How To Create A Kick-Ass Product: Tips for shipping cheap & fast
This is the last article in a series about how to create kick-ass software products. You should probably read part 1: Use an Inter-disciplinary process.
I went into some of the details of creating a kick-ass product in the last few articles. Many of the principles can be called intuitive. The hard part is following those rules all the time. This article is a summary of everything I’ve mentioned before, and you can use it as a checklist maintain your focus.
Let’s review, what kind of product are we making? A product that takes minimal resources to build while satisfying your user and business needs.
Here are the major points you should focus on:
1. Define your goal & scope accordingly
Who is your target audience? What is most important to them? Scope the product to include features that are essential for your goal, and nothing else.
Is your goal to pitch to investors? Focus building a prototype that tells the ideal user story. Don’t worry about edge cases and reliability.
Is your goal to determine if an innovative feature will be well-received? Focus on assets and functionality required to test that feature’s user flow. You might not even need software for these user tests. Paper or InVision prototypes may suffice.
2. Don’t reinvent the wheel
For any part of your product that isn’t your main distinguisher, copy what has been done.
Need a landing page? Buy one from Creative Market.
Need a color scheme for your control panel? Copy your favorite from Dribbble.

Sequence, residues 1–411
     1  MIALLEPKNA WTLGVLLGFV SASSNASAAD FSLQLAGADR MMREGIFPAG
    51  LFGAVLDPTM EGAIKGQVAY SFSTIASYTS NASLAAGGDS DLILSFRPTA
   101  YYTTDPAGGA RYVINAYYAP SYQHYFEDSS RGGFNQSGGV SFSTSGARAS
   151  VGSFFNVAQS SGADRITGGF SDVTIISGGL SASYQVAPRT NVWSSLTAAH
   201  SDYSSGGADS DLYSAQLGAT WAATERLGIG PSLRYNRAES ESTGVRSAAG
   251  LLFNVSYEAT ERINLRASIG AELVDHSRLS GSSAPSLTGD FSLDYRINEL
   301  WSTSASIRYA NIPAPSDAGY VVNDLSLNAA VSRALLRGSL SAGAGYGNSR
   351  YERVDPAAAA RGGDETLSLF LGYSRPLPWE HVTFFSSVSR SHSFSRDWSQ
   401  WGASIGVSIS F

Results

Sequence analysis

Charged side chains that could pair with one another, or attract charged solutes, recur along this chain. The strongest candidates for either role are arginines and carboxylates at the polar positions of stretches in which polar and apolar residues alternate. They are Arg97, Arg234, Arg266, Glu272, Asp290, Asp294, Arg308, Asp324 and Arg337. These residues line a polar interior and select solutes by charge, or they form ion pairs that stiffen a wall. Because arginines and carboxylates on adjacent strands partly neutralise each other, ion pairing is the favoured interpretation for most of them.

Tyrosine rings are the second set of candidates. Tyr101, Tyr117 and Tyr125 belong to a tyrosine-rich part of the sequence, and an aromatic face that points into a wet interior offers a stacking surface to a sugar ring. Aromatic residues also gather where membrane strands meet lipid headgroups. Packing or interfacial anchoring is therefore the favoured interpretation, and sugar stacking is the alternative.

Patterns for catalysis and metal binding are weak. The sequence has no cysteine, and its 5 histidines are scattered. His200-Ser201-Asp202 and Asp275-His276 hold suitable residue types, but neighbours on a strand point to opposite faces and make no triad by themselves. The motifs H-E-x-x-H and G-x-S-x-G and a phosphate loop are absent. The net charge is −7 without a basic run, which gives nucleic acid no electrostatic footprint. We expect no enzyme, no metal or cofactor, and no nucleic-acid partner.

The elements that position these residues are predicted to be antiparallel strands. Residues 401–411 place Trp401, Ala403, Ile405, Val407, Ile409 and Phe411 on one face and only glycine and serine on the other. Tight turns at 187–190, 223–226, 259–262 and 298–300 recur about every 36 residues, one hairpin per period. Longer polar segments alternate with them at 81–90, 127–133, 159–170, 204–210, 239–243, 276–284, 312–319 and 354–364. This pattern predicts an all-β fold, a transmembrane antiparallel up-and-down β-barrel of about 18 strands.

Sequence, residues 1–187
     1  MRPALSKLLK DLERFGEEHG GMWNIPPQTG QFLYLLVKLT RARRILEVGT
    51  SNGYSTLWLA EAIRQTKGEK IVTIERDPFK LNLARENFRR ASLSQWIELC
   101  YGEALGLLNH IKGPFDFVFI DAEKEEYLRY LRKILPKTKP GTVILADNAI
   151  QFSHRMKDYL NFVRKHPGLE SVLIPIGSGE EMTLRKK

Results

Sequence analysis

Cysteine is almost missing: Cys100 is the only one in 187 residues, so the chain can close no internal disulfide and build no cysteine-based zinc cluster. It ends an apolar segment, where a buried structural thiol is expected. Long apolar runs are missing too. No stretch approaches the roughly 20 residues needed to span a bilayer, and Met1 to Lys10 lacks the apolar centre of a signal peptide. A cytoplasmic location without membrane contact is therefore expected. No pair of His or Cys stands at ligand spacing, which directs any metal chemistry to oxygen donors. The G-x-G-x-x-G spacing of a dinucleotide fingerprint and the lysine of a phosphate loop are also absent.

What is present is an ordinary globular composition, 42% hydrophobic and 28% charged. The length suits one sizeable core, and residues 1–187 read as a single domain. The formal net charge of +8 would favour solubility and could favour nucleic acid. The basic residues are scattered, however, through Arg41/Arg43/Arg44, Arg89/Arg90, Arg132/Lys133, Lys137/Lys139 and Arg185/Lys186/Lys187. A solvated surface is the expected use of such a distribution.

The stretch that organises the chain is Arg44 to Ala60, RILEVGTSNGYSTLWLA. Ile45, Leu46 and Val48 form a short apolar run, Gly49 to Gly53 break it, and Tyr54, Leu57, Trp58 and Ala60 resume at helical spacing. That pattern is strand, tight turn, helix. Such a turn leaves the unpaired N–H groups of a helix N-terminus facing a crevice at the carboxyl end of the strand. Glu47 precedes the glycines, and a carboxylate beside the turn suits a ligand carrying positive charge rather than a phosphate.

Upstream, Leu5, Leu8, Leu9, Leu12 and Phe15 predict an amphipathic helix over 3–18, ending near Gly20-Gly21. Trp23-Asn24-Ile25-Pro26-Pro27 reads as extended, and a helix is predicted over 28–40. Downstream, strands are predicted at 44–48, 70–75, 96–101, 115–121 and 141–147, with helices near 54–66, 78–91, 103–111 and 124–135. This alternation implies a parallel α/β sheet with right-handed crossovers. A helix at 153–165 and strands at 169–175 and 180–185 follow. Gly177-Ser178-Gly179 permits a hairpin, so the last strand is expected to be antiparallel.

Need some animation pizzazz in your app? Use a library.
3. Work in parallel
Structure your process so teams work in parallel as much as possible. I described this in part 1. Developers can start laying out the groundwork without design mockups. Designers can QA and triage while developers are still coding.
4. Ship as soon as your product is “barely” acceptable
Don’t wait until your product is perfect to ship it. It’s a little blurry what is the difference between “barely acceptable” and “unacceptable.” And it’s totally subjective depending on the philosophy of the product owner. The idea is to release as soon as your features are usable enough to provide significant value to the user, but don’t wait until your product is Apple-level polished (because you don’t have Apple-level funding).
This was the last part in a series about how to create kick-ass products. Have you read the other parts?
This series exists thanks to the encouragement and feedback from my friends:
Janet Chang — fellow entrepreneur and writer — who meticulously edited and made sense of my drafts
Matt Delaney — my cofounder at Konsult and builder of robots — who is my war buddy and kept me sane during all of the projects I’ve mentioned
Kyungmin Kim — fellow product designer and medium writer — without whom this would have been a super-long 1-part article instead of a digestible 5-part series